Sublobular Distribution Of Cytochromes In Cold-Stored Rat Liver

Jeffrey J. Kelly, Katherine A. Kelly and Clyde H. Barlow

Department of Chemistry, The Evergreen State College, Olympia, WA 98505
Barlow Scientific, Inc., Olympia, WA 98502

J.J. Kelly, K.A. Kelly and C.H. Barlow  "Sublobular distribution of cytochromes in cold-stored rat liver".  25th Annual Conference of the International Society on Oxygen Transport to Tissue.  Milwaukee, Wisconsin.  August, 1997.  This study examines the distribution of mitochondrial cytochromes between pericentral and periportal regions of rat liver by high resolution imaging. A comparison is made between images of oxidized and reduced mitochondrial cytochrome a and cytochrome c in coupled and uncoupled (dinitrophenol) cold-stored liver during transitions in oxygen delivery. The effect of acetaminophen-induced hepatotoxicity on cytochrome redox states was also examined.

Spectroscopic images at 18x18-micron resolution of cytochrome reflectance (-log R) from 4.5x4.5-mm regions of the surface of cold (4C) livers were obtained through bandpass filters using a cooled CCD camera. The gas over the cold-stored liver was varied from between air, 100% nitrogen and 100% oxygen.

Cytochrome a difference images for air to nitrogen transitions produced reflectance changes that were 63% as large as those for oxygen to nitrogen transitions. Cytochrome c measurements taken for the same transitions were 94% as large. From these differences we concluded that the longer wavelengths of light used to measure cytochrome a penetrate and are backscattered from a tissue depth that is deeper than that reached by oxygen diffusion furnished by air, while the shorter wavelengths used to measure cytochrome c penetrated to about the same depths as oxygen diffusion from air.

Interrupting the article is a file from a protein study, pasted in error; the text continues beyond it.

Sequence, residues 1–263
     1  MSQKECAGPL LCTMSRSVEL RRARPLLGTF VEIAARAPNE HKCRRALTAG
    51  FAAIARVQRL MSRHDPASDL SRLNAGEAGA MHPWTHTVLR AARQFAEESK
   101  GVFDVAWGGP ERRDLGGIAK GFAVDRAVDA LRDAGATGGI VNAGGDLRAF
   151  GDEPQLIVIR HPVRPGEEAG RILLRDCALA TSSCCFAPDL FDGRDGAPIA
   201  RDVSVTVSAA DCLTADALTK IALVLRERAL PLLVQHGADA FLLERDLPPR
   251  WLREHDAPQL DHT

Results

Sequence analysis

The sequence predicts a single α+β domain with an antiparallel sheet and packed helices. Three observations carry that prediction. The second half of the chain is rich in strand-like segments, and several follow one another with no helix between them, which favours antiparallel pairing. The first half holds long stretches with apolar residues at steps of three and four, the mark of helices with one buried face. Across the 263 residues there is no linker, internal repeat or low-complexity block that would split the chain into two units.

Between lobules in healthy livers exposed to first oxygen and then nitrogen, the mean increase in cytochrome a reflectance was 0.043 with pericentral increase of 0.039 and periportal of 0.047. For cyctochrome c the means increase in reflectance was 0.037 and pericentral and periportal changes were 0.036 and 0.039 respectively. These results are consistent with mitochondria being more highly concentrated in periportal regions compared to pericentral regions of liver lobules. Periportal to pericentral differences are more pronounced from cytochrome a as compared to cytochrome c in uncoupled livers as well as coupled livers, but a marked difference exists between the behavior of cytochrome c in coupled and uncoupled livers. In the coupled liver the cytochrome c reflectance change is 1/2 that of cytochrome a while in the uncoupled liver they are of the same magnitude.

An explanation can be found in the functioning of the mitochondrial electron transport chain. Cytochrome c is separated from the site of oxygen interaction with the chain at cytochrome a by phosphorylation site III. In coupled livers cytochrome a reacts directly with oxygen while cytochrome c oxidation is dependent upon and limited by low ADP levels found in livers stored at 4C. In uncoupled liver the phosphorylation limitation is removed and cytochrome c is readily oxidized by electron transport to oxygen via cyctochrome a resulting in larger reflectance changes during reduction.

Research was supported by grant DK46756 from the National Institutes of Health.

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